International exhibition traces eugenics movement to Nazi regime’s “science of race”https://www.sun.ac.za/english/Lists/news/DispForm.aspx?ID=5636International exhibition traces eugenics movement to Nazi regime’s “science of race”Lynne Rippenaar-Moses<p style="text-align:justify;">An international traveling exhibition produced by the United States Holocaust Memorial Museum and which explores the Nazi regime's “science of race" and its implications for medical ethics and social responsibility today is currently being hosted at the Stellenbosch University Museum until 28 May 2018.</p><p style="text-align:justify;">The <em>Deadly Medicine: Creating the Master Race </em>exhibition is presented by the South African Holocaust and Genocide Foundation in South Africa (www.holocaust.org.za). After Stellenbosch it will travel to  Johannesburg, Pretoria, Durban, Cape Town and Namibia where it will be exhibited at the  Holocaust Centres in South Africa, as well as other universities and museums. </p><p style="text-align:justify;">Through reproductions of photographs and documents, historical films, and survivor testimony, the exhibition traces how the persecution of groups deemed biologically inferior led to the near annihilation of European Jews. It also challenges viewers to reflect on the present-day interest in genetic manipulation that promotes the possibility of human perfection and the legacy of racism.</p><p style="text-align:justify;">As part of the exhibition a number of public lectures, film screenings, book launches and panel discussions have been presented by a range of South African academics including those from the Faculties of Arts and Social Sciences  and Health Sciences at Stellenbosch University (SU). </p><p style="text-align:justify;">In a country like South Africa, where issues around medical ethics continue to this day, and where there is an ongoing need to remind the country of the dignity of the individual, the exhibition has particular relevance. </p><p style="text-align:justify;">On Wednesday, 25 April, Prof Steven Robins from the Sociology and Social Anthropology Department, and Dr Handri Walters, a researcher for the South African section of the exhibition, presented a talk on <em>Spectres of Racial Science: Understanding eugenics as a 'travelling science'</em>. It explored how eugenics became a global science in the early 20<sup>th</sup>century and how German eugenics, which had roots in German South West Africa (now Namibia), travelled to many parts of the world, including SU. Robins is also the author of <em>Letters of Stone, from Nazi Germany to South Africa</em><em> </em>a deeply personal and painful reflection of the true horror and extent of the Nazis' racial policies against Jews, which made the Sunday Times Alan Paton Award for Non-Fiction shortlist in 2017. <a href="/english/Lists/news/DispForm.aspx?ID=4138">Read the full story here</a>.<br></p><p style="text-align:justify;">The exhibition examines how the Nazi leadership, in collaboration with individuals in professions traditionally charged with healing and the public good, used science to legitimise persecution and ultimately, genocide. The history of the Holocaust provides an invaluable context through which to view and reflect on contemporary issues </p><p style="text-align:justify;">“Deadly Medicine shows how the Nazi regime under Adolf Hitler aimed to change the genetic makeup of the population through measures known as “racial hygiene" or “eugenics". It also highlights the role that scientists in the biomedical fields, especially anthropologists, psychiatrists, and geneticists, who were all medically trained experts played in legitimising these policies by helping to put them into practice," according to the pamphlet shared on the exhibition. </p><p style="text-align:justify;">Medical experimentation however started as far back as Eugen Fischer's and other scientists' study of African prisoners of war in Namibia during the Herero and Namaqua Genocide that led to the deaths of tens of thousands of individuals.  These studies influenced German legislation on race, including the Nuremberg laws, from the early 20<sup>th</sup>century onwards. </p><p style="text-align:justify;">“When Nazi racial hygiene was implemented, the categories of persons and groups regarded as biologically threatening to the health of the nation were greatly expanded to include Jews, Roma (Gypsies), the mentally and physically disabled and other minorities."</p><p style="text-align:justify;">“Under cover of World War II, and using the war as a pretext, Nazi racial hygiene was radicalised and there was a shift from controlling reproduction and marriage to simply eliminating persons regarded as biological threats."</p><p style="text-align:justify;">As part of the exhibition a two-seminar series was planned on <em>Taking stock: Disability & Human Rights in contemporary South Africa.</em><em> </em>The first<em>was Deadly Practices: Esidimeni and beyond which took place on April 16.</em><em> </em>The second<em> </em><em>Beyond the right to life: Disability, Personhood & Participation</em><em> </em>will be chaired by Prof Leslie Swartz from the Psychology Department on Monday, 7 May. Swartz is a distinguished professor who has trained as a clinical psychologist and is a leading expert on disability rights issues, particularly in low-income contexts. </p><p style="text-align:justify;">On Tuesday, 15 May, the film <em>Skin,</em><em> </em>will be introduced by Ms Bonita Bennett, Director of the District Six Museum.This film depicts Sandra Laing's life. Laing was classified as 'coloured' because of her skin colour and hair texture,  although having 'white' parents. The screening will be followed by a Q and A session. </p><p>The Stellenbosch University Museum is situated at 52 Ryneveld Street in Stellenbosch and can be contacted at at 021 808 3695.</p><p><em>Photo</em><em>:</em><em> </em><em>Head shots showing various racial types: Most Western anthropologists classified people into “races" based on physical traits such as head size and eye, hair and skin colour. This classification was developed by Eugen Fischer and published in the 1921 and 1923 editions of Foundations of Human Genetics and Racial Hygiene. (Supplied by </em><em>US Holocaust Memorial Museum)</em></p>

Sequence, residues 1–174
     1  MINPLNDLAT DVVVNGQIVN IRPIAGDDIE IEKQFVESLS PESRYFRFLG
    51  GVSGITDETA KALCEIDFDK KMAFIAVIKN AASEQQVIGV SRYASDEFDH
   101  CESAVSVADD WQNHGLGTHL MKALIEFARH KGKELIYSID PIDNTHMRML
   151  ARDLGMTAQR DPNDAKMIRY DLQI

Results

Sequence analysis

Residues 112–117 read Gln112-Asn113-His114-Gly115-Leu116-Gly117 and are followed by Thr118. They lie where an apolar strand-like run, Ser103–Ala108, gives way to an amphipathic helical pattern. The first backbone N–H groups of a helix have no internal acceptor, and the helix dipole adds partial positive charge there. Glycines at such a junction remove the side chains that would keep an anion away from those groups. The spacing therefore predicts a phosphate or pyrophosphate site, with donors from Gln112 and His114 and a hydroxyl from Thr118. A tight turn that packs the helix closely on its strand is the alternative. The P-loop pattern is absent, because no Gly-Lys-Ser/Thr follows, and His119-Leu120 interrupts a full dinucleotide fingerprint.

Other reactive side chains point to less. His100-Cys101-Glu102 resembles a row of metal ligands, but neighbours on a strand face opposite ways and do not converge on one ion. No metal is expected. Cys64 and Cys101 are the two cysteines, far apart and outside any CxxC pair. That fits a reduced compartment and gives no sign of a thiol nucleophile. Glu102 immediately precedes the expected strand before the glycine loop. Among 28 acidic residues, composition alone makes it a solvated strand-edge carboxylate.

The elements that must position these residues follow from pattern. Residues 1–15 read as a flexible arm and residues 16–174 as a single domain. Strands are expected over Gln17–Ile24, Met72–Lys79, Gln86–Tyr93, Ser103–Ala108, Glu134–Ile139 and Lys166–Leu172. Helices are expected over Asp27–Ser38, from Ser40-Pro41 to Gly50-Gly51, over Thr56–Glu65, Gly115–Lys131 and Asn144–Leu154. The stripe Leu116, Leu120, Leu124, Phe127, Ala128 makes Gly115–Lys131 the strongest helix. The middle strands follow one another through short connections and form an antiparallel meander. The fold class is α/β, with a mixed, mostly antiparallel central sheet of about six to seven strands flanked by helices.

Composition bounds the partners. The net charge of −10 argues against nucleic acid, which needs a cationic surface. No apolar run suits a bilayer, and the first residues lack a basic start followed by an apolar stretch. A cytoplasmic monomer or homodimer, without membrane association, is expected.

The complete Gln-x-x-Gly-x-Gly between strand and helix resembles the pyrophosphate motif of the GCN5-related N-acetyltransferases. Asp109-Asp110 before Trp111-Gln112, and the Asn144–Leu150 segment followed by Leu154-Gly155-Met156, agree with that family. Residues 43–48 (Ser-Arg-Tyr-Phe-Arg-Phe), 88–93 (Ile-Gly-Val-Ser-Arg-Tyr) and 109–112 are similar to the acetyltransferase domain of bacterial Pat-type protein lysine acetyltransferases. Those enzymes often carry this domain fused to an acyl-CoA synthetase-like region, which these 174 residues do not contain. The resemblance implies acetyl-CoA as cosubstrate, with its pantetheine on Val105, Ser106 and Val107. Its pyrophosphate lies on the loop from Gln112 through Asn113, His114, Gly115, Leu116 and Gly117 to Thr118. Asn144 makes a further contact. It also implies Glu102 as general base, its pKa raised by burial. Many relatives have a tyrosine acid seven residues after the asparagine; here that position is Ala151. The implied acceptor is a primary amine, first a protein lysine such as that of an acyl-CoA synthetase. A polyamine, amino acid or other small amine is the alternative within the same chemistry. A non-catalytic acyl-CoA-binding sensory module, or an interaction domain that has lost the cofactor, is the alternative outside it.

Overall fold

South Africans must be healthier for universal healthcare to succeedhttps://www.sun.ac.za/english/Lists/news/DispForm.aspx?ID=7491South Africans must be healthier for universal healthcare to succeedJane Simmonds, Charles Parry & Melvyn Freeman<p>​South African will have to maintain healthier lifestyles for the National Health Insurance to succeed, writes Jane Simmonds, Dr Charles Parry (both from the South African Medical Research Council) and Prof Melvyn Freeman (Department of Psychology) in an article for <em>The Conversation</em> recently (7 July).<br></p><ul><li>Read the article below or click <a href="https://theconversation.com/south-africans-must-be-healthier-for-universal-healthcare-to-succeed-140204"><strong class="ms-rteThemeForeColor-5-0">here</strong></a><strong class="ms-rteThemeForeColor-5-0"> </strong>for the piece as published.<br></li></ul><p><strong>Jane Simmonds, Charles Parry and Melvyn Freeman*</strong></p><p>Achieving a healthy population isn't easy for any country – rich or poor. One of the approaches that's gained traction over the past two decades is preventative care through <a href="https://www.ncbi.nlm.nih.gov/books/NBK235764/"><strong class="ms-rteThemeForeColor-5-0">health promotion</strong></a>. Simply put, health promotion means keeping people healthy. This is seen as particularly useful in developing countries, where levels of preventable non-communicable diseases are high, the resources to treat disease are scarce and the cost of treating sick people is often higher than programmes to keep people healthy.<br></p><p>The health promotion approach has two areas of focus. One is preventing disease through activities like health education messaging, screening and testing for conditions. The other is addressing the upstream drivers and causes of poor health. These include social and economic factors such as poverty and unemployment. They also include smoking, excessive drinking, low levels of exercise, poor diet, sub-standard living conditions, gender-based violence and mental illness.</p><p>The health promotion approach aims to change people's behaviour and choices. But it is not enough just to tell an individual how to be healthy: people need support and social structures to promote, sustain and maintain healthy choices.</p><p>A number of countries have successfully adopted this approach using health promotion foundations. <a href="https://en.thaihealth.or.th/"><strong class="ms-rteThemeForeColor-5-0">Thai Health</strong></a> is one example. Similar <a href="http://www.samj.org.za/index.php/samj/article/view/6281/4910"><strong class="ms-rteThemeForeColor-5-0">foundations</strong></a><strong class="ms-rteThemeForeColor-5-0"> </strong>have been established in Switzerland, Austria, the Philippines and Malaysia.</p><p>In a <a href="http://www.samj.org.za/index.php/samj/article/view/12864/9145"><strong class="ms-rteThemeForeColor-5-0">recently published paper</strong></a>, we argue that South Africa also needs a health promotion and development foundation if its proposed universal healthcare programme, the National Health Insurance (NHI), is to succeed.</p><p>Through the <a href="http://www.health.gov.za/index.php/nhi"><strong class="ms-rteThemeForeColor-5-0">NHI</strong></a><strong class="ms-rteThemeForeColor-5-0"> </strong>South Africa (and legal long-term residents) are to be provided with essential healthcare, whether they can <a href="https://theconversation.com/coronavirus-pandemic-holds-lessons-for-south-africas-universal-health-care-plans-137443"><strong class="ms-rteThemeForeColor-5-0">contribute</strong></a><strong class="ms-rteThemeForeColor-5-0"> </strong>to the NHI fund or not.</p><p>But South Africa faces high levels of disease, in particular<strong class="ms-rteThemeForeColor-5-0"> </strong><a href="http://www.samj.org.za/index.php/samj/article/view/12864"><span class="ms-rteThemeForeColor-5-0"><strong>n</strong><strong>oncommunicable diseases</strong></span></a> such as diabetes, hypertension, cancer and obesity. Many noncommunicable diseases can be prevented. The NHI is likely to battle to cope with treating large numbers of sick people, but much of this treatment could be avoided by promoting health and reducing disease.</p><p>In our <a href="http://www.samj.org.za/index.php/samj/article/view/12864"><strong class="ms-rteThemeForeColor-5-0">paper</strong></a> we set out how this radical change of approach could be achieved and why health promotion could be an effective use of the limited funds.</p><p><strong>Getting healthier</strong></p><p>Noncommunicable diseases, many of which are avoidable, are having a significant impact on the health of South Africans and the South African healthcare system.</p><p>The increase in noncommunicable disease risk factors will likely lead to rising healthcare costs.</p><p>For example, in 2018, the public health sector spent an <a href="https://www.tandfonline.com/doi/full/10.1080/16549716.2019.1636611"><strong class="ms-rteThemeForeColor-5-0">estimated</strong></a><strong class="ms-rteThemeForeColor-5-0"> </strong>R2.7 billion ($198 million) on patients diagnosed with diabetes. The estimates increased to R21.8 billion when undiagnosed diabetes patients were considered. The total costs associated with diabetes are likely to increase to R35.1 billion ($2.5 billion) in 2030.</p><p>Another common condition, <a href="https://pubmed.ncbi.nlm.nih.gov/17952226/"><strong class="ms-rteThemeForeColor-5-0">hypertension</strong></a>, is an important risk factor for cardiovascular diseases and chronic kidney disease. It is often found in combination with diabetes. In <a href="https://www.statssa.gov.za/publications/Report%2003-00-09/Report%2003-00-092016.pdf"><strong class="ms-rteThemeForeColor-5-0">South Africa</strong></a> 46% of women and 44% of men over 15 had hypertension in 2016. This is almost double the <a href="https://www.thelancet.com/journals/lancet/article/PIIS0140-6736%2816%2931919-5/fulltext"><strong class="ms-rteThemeForeColor-5-0">world average</strong></a> and has nearly doubled since 1998.</p><p>The <a href="https://dhsprogram.com/pubs/pdf/FR337/FR337.pdf"><strong class="ms-rteThemeForeColor-5-0">2016 South African Demographic and Health Survey</strong></a> indicates high levels of obesity, which has health and cost implications. Forty-one percent of women are obese, a condition associated with an 11% increase in healthcare <a href="http://www.samj.org.za/index.php/samj/article/view/7260"><strong class="ms-rteThemeForeColor-5-0">costs</strong></a>.</p><p><strong>What needs to be done</strong></p><p>Health behaviour in South Africa needs to shift from the norm of waiting to get sick and then accessing healthcare to preventing disease and keeping healthy.</p><p>To encourage this, we <a href="http://www.samj.org.za/index.php/samj/article/view/12864"><strong class="ms-rteThemeForeColor-5-0">propose</strong></a><strong class="ms-rteThemeForeColor-5-0"> </strong>the establishment of a multi-sectoral National Health Commission or an independent Health Promotion Foundation linked directly to the NHI Fund. It should include several relevant government departments, civil society, academics and researchers.</p><p>Health promotion programmes need to be based on more than health knowledge. For example, individuals can't practise good hand hygiene when water is not available, or eat healthy foods when these are not affordable. South Africa's specific<strong class="ms-rteThemeForeColor-5-0"> </strong><a href="https://theconversation.com/pandemic-underscores-gross-inequalities-in-south-africa-and-the-need-to-fix-them-135070"><strong class="ms-rteThemeForeColor-5-0">realities and need</strong>s</a>, including poverty and its related behavioural impacts and health consequences, must be taken into account. This is why different government departments and stakeholders would need to work together.</p><p>We don't know exactly how much of the noncommunicable disease burden could be eased by modifying risk factors. But the World Health Organisation has <a href="https://www.paho.org/hq/dmdocuments/2011/paho-policy-brief-1-En-web1.pdf"><strong class="ms-rteThemeForeColor-5-0">estimated</strong></a><strong class="ms-rteThemeForeColor-5-0"> </strong>that in the Americas 80% of all heart disease, stroke and type 2 diabetes mellitus and over 40% of cancer is preventable through multisectoral action.</p><p>Some of the changes that could make a difference to health are quite indirect. For example, it is often not safe to exercise on the streets, so communities need to have more active and visible policing and accessible open spaces free from traffic and other competing activities to make increased exercise a realistic option. Healthy food needs to be subsidised and more easily available, and places that sell alcohol and tobacco need to be located at prescribed distances from schools.</p><p>Just how much funding is needed to promote health? Health promotion experts are calling for <a href="http://www.samj.org.za/index.php/samj/article/view/12864"><strong class="ms-rteThemeForeColor-5-0">2%</strong></a><strong class="ms-rteThemeForeColor-5-0"> </strong>of the NHI Fund to be dedicated specifically to promoting health and preventing illness. </p><p>The WHO's global <a href="https://www.who.int/ncds/prevention/launch-global-business-plan-for-ncds/en/"><strong class="ms-rteThemeForeColor-5-0">business case</strong></a> for noncommunicable diseases shows that if low- and low-to-middle-income countries put in place the most cost-effective interventions, by 2030 they will see a return of US$7 per person for every dollar invested. This is certainly a reason to improve health promotion funding in South Africa. We cannot afford to wait any longer.</p><p><a href="https://theconversation.com/profiles/jane-simmonds-1074795"><span class="ms-rteThemeForeColor-5-0">*<strong>Jane Simmonds</strong></span></a> is an associated staff member of the Alcohol, Tobacco & Other Drug Research Unit at the South African Medical Research Council. <a href="https://theconversation.com/profiles/charles-parry-1131489"><strong>Charles Parry</strong></a> is the Director of the Alcohol, Tobacco & Other Drug Research Unit at the South African Medical Research Council. <a href="https://theconversation.com/profiles/melvyn-freeman-1131490"><span class="ms-rteThemeForeColor-5-0"><strong>Melvyn Freeman</strong></span></a> is an Extraordinary Professor at Stellenbosch University.<br></p><p><br></p>